On February 3, 1998, at about 1600 eastern standard time, a Bell 206B, N26EA, registered to Action Helicopters Inc., operating as a 14 CFR Part 91 sightseeing flight, crashed while attempting to pick up to a hover at Watson Island, Miami, Florida. Visual meteorological conditions prevailed and no flight plan was filed. The helicopter sustained substantial damage. The airline transport pilot and two passengers reported no injuries. The flight was originating at the time of the accident. Use your browsers 'back' function to return to synopsisReturn to Query Page
The pilot stated the helicopter was facing about 100 degrees with a known right crosswind. He increased collective pitch and the helicopter came off the ground left skid low. As he was applying right cyclic he encountered a gust of wind, and the helicopter continued to roll over on its side. When asked what caused the accident, the pilot stated he encountered dynamic rollover, and was unable to take corrective action before the helicopter rolled over.
Review of weather information obtained from Miami International Airport, for the time period of the accident, revealed no recorded record of turbulence, downdrafts, gusts, or windshear.
A review of Advisory Circular 90-97, Helicopter Dynamic Rollover states, an increasing percentage of helicopter accidents are being attributed to dynamic rollover, a phenomenon that will without immediate corrective action, result in destruction of the helicopter and possible serious injury....During normal or slope takeoffs and landings with some degree of bank angle or side drift with one skid/wheel on the ground, the bank angle or side drift can place the helicopter in a situation where it is pivoting (rolling) about a skid/wheel which is still in contact with the ground. When this happens, lateral cyclic control response becomes more sluggish and less effective for a free hovering helicopter. Consequently, if a roll rate is permitted to develop, a critical bank angle (the angle between the helicopter and the horizon) may be reached where roll cannot be corrected, even with full lateral cyclic, and the helicopter will roll over onto its side. As the roll rate increases, the angle at which recovery is still possible is significantly reduced. The critical rollover angle is also reduced. The critical rollover angle is further reduced under the following conditions:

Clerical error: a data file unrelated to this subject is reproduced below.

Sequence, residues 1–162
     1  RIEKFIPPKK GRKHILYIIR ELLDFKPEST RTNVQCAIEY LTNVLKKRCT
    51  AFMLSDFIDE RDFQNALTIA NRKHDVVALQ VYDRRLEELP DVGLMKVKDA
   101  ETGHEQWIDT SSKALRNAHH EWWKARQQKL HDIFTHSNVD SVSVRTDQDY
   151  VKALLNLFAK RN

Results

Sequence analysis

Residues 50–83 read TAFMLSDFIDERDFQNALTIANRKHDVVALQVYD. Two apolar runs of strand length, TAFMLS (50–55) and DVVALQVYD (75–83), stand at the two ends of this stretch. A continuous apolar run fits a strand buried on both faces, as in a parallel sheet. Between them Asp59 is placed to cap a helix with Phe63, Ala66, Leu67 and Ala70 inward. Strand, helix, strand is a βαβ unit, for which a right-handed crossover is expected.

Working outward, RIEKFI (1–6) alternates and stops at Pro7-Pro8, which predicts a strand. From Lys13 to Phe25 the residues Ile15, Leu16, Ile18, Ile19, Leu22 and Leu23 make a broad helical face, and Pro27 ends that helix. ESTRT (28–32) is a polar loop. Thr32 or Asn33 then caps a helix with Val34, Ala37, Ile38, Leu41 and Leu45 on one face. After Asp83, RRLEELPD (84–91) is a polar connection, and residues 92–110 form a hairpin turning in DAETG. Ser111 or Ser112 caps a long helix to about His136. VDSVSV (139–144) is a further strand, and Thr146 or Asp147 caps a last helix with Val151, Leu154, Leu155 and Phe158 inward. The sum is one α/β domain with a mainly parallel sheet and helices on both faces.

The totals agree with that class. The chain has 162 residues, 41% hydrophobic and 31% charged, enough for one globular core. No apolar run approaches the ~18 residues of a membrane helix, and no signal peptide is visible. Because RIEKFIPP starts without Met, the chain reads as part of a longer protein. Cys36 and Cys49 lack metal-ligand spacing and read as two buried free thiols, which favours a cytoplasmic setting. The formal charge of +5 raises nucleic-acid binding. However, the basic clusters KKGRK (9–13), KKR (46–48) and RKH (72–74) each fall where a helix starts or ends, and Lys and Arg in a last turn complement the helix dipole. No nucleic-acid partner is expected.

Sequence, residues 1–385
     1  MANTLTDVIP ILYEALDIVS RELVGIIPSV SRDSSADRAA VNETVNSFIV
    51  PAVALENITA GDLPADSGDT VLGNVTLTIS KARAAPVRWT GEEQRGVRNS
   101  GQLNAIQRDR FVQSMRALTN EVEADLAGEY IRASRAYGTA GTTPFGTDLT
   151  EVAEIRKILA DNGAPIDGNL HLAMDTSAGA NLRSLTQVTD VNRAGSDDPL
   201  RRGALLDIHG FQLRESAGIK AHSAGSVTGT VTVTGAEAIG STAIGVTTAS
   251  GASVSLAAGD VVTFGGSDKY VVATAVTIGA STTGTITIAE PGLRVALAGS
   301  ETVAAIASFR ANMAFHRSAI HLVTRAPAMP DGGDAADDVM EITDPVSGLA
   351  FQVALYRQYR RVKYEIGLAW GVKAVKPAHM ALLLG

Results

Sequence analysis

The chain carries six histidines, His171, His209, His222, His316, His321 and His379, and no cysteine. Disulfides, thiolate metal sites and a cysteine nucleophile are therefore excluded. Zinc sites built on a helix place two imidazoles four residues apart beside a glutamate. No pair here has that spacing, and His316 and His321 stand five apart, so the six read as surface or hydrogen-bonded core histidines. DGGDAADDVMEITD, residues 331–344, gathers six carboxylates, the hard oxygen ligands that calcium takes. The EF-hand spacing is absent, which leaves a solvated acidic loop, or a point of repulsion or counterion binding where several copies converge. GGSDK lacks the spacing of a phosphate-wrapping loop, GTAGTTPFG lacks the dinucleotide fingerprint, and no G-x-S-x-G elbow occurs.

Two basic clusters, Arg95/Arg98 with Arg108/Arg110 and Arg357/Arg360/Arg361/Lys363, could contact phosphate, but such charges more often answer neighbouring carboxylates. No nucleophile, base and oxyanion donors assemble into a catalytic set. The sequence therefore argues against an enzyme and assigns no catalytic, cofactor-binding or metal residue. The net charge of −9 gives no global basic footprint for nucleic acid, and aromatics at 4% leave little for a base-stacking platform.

a. Right side skid down condition; b. Crosswinds; c. Lateral center of gravity offset; d. Main rotor thrust almost equal to helicopter weight; and e. Left yaw inputs.